3
A. Assuming it is legal to market the same active ingredient in both a prescription and OTC product, may the different products be legally sold in the same package?
If the FDA would seek to undermine public confidence in its purpose and effectiveness then such a plan should be pursued.

B. If the two products may be lawfully sold in a single package, under what circumstances would it be inappropriate to do so?
It would be inappropriate to sell a highly dangerous drug as an Over The Counter formulation and such would be the case with the "morning after abortion pill." The FDA's interest in product packaging has been historically to ensure or at least further the goal of safety (i.e. tamper resistance, or cleanliness protection, or warning labling, or reduction of light exposure), but this question seems entirely designed to accommodate a product marketing consideration which suggests a cavalier attitude of FDA administrators with respect to the health safety of American consumers. Consideration of these aspects of this issue argue for aggressive scrutiny and change in the senior administrative personnel at FDA.

GENERAL
GENERAL
FDA would abandon its purpose and thus its right to exist (and thereby also its claim for public support) by approving a drug as an OTC product which has the power and purpose of terminating an existing human life (e.g. this is NOT preventative, but would in fact only be used if in fact the existence of pregnancy was known for certain to exist). The formerly, Pure Food and Drug Administration was created entirely to protect intended or potential users of pharmaceutical products. Only pharmaceutical products with the potential for minimal health hazard should be offered as Over The Counter formulations. In this instance the proposed product poses severe health risks including potential death for the consumer and near certain death for the intended target of the drug. It is by definition lethal or at least potentially lethal. There is zero justification for approving the availability of such a product in the least or essentially completely uncontrolled commercial envronment. It is well known that communities supported by families all over the nation enforce heavy guard over the potential of even common and well understood pharmceuticals which may be administered or otherwise made available to children or minors. Aspirin is absolutely unavailable to a child under twenty-one years of age in all of our public schools without specific control and approval. The FDA discards its authority to command any respect for its pronouncements if this powerful and absolutely dangerous drug is approved for uncontrolled distribution (i.e. as an OTC drug) in the face of an entire nation's effort to make pharmaceuticals available only in the most carefully controlled and well advised setting. There is no medical reason, no practical reason and no ethical justification for approval of this proposal to make an abortion drug available Over The Counter.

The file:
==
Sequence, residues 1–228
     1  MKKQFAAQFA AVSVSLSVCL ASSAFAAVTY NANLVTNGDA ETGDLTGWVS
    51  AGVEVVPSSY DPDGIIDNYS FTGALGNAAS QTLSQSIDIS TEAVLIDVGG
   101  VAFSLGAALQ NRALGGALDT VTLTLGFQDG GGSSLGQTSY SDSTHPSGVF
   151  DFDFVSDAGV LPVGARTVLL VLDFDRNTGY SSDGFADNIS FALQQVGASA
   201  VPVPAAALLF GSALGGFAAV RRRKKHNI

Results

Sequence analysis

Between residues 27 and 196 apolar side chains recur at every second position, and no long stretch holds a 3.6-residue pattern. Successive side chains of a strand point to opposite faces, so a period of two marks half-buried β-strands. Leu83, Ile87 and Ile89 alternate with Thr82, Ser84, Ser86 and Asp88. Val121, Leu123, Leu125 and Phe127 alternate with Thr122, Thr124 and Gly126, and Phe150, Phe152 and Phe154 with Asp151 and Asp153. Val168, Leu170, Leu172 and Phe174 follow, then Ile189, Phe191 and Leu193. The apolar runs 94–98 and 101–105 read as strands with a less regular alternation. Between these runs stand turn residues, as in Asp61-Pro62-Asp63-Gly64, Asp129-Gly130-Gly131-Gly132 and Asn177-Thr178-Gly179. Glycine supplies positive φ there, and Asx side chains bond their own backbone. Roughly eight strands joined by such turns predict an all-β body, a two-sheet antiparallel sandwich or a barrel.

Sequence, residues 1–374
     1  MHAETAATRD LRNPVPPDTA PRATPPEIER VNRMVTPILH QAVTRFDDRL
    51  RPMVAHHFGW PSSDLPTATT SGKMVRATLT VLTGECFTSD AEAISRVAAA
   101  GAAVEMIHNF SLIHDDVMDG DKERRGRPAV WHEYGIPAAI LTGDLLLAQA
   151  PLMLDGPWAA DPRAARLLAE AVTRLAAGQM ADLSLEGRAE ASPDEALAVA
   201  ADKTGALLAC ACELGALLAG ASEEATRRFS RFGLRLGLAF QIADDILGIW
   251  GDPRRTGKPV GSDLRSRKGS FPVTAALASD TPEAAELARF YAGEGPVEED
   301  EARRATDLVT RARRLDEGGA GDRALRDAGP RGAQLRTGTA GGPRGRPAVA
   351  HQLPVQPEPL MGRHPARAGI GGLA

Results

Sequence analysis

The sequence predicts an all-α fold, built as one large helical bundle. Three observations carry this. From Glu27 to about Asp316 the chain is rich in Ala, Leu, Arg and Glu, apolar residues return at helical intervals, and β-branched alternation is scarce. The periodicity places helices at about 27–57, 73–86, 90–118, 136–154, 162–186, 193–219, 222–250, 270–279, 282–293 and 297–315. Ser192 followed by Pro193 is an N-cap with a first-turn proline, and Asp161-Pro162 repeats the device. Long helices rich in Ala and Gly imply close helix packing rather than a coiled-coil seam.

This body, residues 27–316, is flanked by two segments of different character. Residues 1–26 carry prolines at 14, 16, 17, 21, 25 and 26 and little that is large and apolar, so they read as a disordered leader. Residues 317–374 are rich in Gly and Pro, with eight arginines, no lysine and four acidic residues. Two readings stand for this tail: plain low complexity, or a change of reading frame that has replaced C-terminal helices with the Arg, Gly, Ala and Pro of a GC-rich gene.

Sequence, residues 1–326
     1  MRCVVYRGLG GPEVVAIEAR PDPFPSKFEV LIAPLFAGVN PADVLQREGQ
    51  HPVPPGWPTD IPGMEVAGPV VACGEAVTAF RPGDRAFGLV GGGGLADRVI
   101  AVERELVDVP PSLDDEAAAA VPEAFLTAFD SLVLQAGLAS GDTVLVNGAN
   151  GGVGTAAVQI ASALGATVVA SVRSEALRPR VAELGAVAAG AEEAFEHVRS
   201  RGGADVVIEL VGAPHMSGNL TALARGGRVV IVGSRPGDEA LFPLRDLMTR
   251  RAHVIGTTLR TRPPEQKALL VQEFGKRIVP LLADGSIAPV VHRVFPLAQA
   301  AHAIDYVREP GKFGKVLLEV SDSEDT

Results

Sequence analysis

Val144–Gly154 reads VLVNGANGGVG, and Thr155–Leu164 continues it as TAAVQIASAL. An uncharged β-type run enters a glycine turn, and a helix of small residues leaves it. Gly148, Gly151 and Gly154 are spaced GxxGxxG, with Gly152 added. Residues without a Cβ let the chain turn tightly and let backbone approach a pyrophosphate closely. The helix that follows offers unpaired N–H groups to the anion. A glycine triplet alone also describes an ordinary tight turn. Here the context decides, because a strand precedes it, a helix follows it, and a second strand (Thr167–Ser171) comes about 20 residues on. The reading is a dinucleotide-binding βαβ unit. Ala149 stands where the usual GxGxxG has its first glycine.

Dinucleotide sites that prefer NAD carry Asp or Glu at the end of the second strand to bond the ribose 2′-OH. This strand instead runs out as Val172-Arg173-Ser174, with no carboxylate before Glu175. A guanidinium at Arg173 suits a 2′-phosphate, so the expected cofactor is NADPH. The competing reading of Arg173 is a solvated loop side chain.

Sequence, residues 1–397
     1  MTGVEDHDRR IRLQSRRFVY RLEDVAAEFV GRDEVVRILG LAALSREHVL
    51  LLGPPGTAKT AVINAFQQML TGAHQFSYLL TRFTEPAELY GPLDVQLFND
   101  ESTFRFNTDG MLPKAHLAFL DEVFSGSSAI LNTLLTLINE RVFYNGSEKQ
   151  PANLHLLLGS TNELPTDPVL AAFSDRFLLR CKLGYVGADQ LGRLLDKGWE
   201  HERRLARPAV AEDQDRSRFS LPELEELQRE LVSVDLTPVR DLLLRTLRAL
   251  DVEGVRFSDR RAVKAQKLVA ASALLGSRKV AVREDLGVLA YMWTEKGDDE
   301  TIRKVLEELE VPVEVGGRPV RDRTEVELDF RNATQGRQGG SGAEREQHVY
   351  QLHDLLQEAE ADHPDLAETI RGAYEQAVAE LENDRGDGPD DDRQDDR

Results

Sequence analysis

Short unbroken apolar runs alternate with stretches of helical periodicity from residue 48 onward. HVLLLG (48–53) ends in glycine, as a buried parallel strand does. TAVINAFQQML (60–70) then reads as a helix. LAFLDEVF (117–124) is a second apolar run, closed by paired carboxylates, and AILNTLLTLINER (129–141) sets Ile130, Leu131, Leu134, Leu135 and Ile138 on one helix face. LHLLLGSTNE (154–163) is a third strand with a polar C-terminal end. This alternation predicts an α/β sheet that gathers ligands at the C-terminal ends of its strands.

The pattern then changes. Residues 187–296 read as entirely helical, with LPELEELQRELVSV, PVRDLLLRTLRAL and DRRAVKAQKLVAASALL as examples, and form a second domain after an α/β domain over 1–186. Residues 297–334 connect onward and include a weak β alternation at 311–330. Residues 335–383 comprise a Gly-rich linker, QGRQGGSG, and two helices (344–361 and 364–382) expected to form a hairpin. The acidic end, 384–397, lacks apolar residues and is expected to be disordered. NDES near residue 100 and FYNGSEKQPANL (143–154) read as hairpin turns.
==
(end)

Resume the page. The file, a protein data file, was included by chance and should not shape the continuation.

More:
Conrad J. DeWitte
Fullerton, CA